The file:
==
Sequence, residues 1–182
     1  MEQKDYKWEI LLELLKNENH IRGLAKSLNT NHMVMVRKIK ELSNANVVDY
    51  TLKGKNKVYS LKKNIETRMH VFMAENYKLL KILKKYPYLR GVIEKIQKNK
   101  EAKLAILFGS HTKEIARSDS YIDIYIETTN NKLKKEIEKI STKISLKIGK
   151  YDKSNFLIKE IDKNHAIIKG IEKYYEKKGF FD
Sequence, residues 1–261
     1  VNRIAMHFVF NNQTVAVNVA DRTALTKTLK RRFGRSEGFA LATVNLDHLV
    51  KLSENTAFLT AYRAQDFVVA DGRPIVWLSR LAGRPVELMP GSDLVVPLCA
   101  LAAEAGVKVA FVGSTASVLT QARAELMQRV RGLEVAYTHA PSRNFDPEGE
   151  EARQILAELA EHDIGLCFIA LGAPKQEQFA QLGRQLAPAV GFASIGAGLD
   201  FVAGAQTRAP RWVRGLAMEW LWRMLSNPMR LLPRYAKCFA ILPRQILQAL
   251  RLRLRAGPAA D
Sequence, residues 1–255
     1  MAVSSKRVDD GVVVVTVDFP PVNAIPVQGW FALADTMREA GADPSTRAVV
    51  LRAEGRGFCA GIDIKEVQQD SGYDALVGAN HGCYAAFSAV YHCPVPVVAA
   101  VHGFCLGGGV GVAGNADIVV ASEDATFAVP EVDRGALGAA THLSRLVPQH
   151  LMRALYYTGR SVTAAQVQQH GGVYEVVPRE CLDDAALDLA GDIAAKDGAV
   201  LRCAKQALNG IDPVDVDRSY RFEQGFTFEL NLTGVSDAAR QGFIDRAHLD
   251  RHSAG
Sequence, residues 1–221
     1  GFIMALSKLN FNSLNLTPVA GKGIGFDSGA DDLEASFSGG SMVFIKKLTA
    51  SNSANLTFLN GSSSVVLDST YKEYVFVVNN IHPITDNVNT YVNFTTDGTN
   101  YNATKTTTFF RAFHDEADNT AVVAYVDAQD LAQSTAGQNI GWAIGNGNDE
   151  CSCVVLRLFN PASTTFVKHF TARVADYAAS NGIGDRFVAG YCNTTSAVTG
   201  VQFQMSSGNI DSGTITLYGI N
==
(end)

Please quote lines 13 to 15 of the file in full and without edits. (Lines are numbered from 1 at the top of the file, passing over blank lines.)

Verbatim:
Sequence, residues 1–255
     1  MAVSSKRVDD GVVVVTVDFP PVNAIPVQGW FALADTMREA GADPSTRAVV
    51  LRAEGRGFCA GIDIKEVQQD SGYDALVGAN HGCYAAFSAV YHCPVPVVAA